Guy Lancaster, editor of the Enyclopedia of Arkansas, has written a new entry he calls the “epistemology of ignorance.”

You could also call it deliberate misinformation.

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I might put it this way: You have to be really dumb to wave a Confederate flag around in 2020 and talk about how it’s all about glorious heritage.

Lancaster writes, to begin, about how little people understand the history of Arkansas in the Civil War era. It is too often invisible, particularly the black participants.

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For example, I was once in conversation with a man on the prevalence of anti-Confederate sentiment in Arkansas during the Civil War. Of course, the story of the Arkansas Peace Society, a pro-Unionist organization in the Ozarks, has been fairly well documented, most recently in a book by James J. Johnston. Less well known are the Union sympathizers of the Ouachita Mountains. One band of Union sympathizers and Confederate deserters under the command of Andy Brown fought the Confederate Homeguard at McGraw’s Mill in Montgomery County in February 1863, and later that year, a Union expedition to Mount Ida recruited a number of local men to the cause.

Such instances were well known to my conversation partner. However, I astonished him immensely when I claimed that some eighty percent of the population of Chicot County were likely against secession and the Confederacy. “No way!” he insisted. “Sure, in the uplands, where slavery was not that common or that profitable, there was general opposition to secession. But in a place like Chicot County, cotton plantations were immensely profitable, and people there would have been very interested in protecting the institution of slavery. Where is this eighty percent figure coming from?”

Cotton picker near Arkansas City (Desha County). Courtesy of the Arkansas State Archives.

“That,” I said, “is the percentage of the enslaved population in the county in 1860.”

“Oh,” he said. “I guess I wasn’t thinking about them.”

And that’s a common enough mistake—not to think about the slaves. Or, at least, not thinking of them as anything other than background to the story of the Civil War, not thinking of them as people with their own volitions and desires, not thinking of them as people whose own feelings about their condition of violently enforced servitude may have had an impact upon the larger historical narrative. This, despite the fact that we know that many freed slaves immediately enrolled in the Union army in order to free their brothers and sisters, parents and children. If you are white, like I am, you simply are not accustomed to thinking about the slaves themselves as agents, even when telling the story of a conflict rooted in slavery.

He moves on to other topics, including the symbolism of the route taken by protest marchers in Little Rock — on Interstate 630, a racially divisive addition to Little Rock, and past the Broadway site of a Little Rock lynching. He also writes about the creation of the Lost Cause myth, which has left the South and beyond littered with statues to losers who fought to preserve slavery. They’ve been tumbling lately with the growing Black Lives Matter demonstrations, though not yet in Arkansas.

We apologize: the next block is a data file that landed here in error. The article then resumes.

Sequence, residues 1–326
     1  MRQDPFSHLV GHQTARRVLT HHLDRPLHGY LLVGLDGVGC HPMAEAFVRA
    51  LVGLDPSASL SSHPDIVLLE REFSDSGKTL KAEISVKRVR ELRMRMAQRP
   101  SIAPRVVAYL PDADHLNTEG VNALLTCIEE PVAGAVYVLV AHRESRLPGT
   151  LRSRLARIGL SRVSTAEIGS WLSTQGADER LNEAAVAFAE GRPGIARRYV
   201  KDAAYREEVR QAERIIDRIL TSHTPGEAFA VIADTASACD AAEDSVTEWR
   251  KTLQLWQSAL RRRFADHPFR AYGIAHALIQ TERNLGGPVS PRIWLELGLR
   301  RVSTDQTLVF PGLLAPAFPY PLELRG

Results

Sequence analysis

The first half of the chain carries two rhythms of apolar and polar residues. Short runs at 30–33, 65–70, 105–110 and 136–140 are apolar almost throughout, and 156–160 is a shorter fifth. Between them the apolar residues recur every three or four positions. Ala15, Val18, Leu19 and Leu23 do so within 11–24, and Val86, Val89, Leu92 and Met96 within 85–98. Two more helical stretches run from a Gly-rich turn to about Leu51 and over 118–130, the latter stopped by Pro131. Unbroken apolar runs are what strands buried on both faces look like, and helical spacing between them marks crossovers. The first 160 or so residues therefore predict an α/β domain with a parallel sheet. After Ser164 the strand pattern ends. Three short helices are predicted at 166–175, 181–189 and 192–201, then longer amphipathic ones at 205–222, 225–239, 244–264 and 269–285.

You may be sure tearful Sons of Confederate Veterans will thunder about the sainted Marse Robert and the glories of Dixie should any serious assault — legal or otherwise — be mounted on the two tributes to slavery’s defenders on the Capitol lawn or the monument to them at the city’s MacArthur Park. Gov. Asa Hutchinson is no doubt ready to re-activate the National Guard should vandalism be threatened.

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Removal of the statues at the Capitol by peaceful means would require an act of the legislature, thanks to a law passed in 2017 — I said 2017 — to be sure slavery’s defenders would not be consigned to a location less offensive to at least some portion of the people represented by those who assemble in the Capitol.

This is what the keeper of the Capitol, secretary of state John Thurston, says when people ask him about removing the statues:

On behalf of Secretary Thurston, thank you for your inquiry regarding the removal of monuments located on Arkansas State Capitol grounds.  In accordance with Act 274 of 2017, codified at § 22-3-503 (c), the Capitol Arts and Grounds Commission shall not consider the removal of a monument from the State Capitol grounds unless authorized by an act of the General Assembly.  The Secretary of State, as Chairman of the Capitol Arts and Grounds Commission, will ensure that all future acts pertaining to monuments on State Capitol grounds will be promptly brought before the Commission for due consideration.

Is there a legislator willing to try? I can think of a few. Is there a majority willing to vote for it?  I think you can find the answer in the “epistemology of ignorance.” See Donald Trump’s emergence as what someone called the second president of the Confederacy with his refusal to consider renaming 10 military bases named for Confederate generals that are populated with thousands of multi-racial troops

For another time we may have a discussion of how Arkansas offers a historic rebuttal to the notion of sending in the military to quell civil unrest.

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We went down that road in Elaine a century ago. As Ernie Dumas summarized it in a note to me, “Lawmen, a  massive vigilante posse and then battle-hardened federal soldiers (think Tom Cotton) slaughtering defenseless black people and then prosecuting blacks for nonexistent crimes.”

If only the cell phone camera had been invented then.